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BERLIN – The European Parliament has voted overwhelmingly to reject the ACTA treaty designed to crack down on online piracy and other intellectual property theft worldwide.
In a vote of 478 against to just 39 in favor, with 149 abstentions, EU politicians killed ACTA, responding to critics who complained the treaty had been negotiated in secret and could be used to violate freedom of expression rights across Europe.
Supporters of the treaty had suggested postponing the crucial voting at the Parliament plenary on Wednesday, but members of the parliament decided not to delay the decision any further.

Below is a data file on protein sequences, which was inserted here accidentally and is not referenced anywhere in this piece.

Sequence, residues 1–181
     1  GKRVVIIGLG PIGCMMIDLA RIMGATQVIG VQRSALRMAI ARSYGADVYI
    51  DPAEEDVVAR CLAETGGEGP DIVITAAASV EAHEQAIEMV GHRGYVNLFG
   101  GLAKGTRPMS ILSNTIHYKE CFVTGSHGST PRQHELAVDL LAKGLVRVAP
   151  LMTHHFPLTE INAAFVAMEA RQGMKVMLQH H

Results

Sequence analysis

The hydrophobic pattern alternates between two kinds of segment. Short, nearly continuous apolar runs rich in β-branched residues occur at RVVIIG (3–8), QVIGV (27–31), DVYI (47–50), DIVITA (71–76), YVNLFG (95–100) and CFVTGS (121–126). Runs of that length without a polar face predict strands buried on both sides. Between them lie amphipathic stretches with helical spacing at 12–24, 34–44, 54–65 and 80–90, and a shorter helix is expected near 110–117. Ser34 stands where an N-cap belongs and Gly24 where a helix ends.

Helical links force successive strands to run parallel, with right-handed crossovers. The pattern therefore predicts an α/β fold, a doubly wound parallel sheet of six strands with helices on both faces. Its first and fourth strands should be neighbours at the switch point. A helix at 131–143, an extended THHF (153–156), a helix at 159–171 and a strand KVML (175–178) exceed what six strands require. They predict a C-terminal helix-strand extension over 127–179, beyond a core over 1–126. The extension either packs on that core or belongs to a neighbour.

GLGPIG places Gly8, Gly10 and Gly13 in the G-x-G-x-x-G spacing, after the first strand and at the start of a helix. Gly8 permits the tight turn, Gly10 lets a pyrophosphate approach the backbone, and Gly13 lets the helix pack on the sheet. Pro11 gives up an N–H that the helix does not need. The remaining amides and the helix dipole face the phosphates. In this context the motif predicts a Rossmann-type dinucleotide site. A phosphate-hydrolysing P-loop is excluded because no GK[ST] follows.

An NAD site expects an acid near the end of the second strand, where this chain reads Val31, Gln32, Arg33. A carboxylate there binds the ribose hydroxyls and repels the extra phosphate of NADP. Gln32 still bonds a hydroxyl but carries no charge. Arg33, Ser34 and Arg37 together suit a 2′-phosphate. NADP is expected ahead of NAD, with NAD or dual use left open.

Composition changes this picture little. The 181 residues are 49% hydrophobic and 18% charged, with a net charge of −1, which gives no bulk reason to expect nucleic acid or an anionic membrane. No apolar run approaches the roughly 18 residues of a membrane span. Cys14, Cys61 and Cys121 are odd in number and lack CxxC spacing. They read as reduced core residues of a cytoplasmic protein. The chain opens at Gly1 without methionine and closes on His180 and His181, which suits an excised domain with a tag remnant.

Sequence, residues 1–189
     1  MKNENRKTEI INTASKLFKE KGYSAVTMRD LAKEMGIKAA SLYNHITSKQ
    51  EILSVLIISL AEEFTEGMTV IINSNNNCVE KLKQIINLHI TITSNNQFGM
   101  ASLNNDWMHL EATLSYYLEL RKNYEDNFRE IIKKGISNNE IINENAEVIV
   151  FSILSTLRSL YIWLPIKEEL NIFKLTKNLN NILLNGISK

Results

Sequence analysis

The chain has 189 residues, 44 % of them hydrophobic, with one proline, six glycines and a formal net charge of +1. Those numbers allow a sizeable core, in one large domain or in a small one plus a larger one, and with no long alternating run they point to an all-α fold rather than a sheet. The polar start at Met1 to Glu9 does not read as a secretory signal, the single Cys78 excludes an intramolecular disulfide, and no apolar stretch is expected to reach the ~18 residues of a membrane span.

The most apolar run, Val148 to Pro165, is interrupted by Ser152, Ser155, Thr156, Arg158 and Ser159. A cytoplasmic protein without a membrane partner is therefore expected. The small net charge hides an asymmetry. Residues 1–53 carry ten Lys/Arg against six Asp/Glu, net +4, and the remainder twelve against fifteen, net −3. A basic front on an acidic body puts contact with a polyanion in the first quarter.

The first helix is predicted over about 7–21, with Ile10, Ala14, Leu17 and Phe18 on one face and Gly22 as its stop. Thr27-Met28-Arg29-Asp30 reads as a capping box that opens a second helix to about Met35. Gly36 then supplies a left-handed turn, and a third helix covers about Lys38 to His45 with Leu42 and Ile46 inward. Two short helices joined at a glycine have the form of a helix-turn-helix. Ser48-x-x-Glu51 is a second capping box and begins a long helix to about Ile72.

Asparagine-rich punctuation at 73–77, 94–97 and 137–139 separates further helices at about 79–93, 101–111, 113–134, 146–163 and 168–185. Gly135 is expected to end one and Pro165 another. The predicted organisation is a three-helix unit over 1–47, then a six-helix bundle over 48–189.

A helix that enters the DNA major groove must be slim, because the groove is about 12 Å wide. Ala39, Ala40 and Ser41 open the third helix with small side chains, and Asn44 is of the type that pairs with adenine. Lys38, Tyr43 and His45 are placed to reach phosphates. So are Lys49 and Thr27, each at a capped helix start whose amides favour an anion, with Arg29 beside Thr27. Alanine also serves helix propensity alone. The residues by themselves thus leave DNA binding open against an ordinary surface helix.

Anti-ACTA politicians were out in force Wednesday, with many wearing anti-ACTA T-shirts and hoisting banners condemning the treaty.
The EU’s No vote was a bygone conclusion after five European Parliamentary committees, including the powerful International Trade Committee, recommended rejecting the treaty and a majority of the parties represented at the EU Parliament came out against ACTA.
ACTA was highly controversial in Europe and thousands of Europeans marched in protest against the treaty. Millions more signed petitions calling for the EU to dump ACTA. The anti-ACTA factions hailed Wednesday’s vote as a major victory for Internet freedom.
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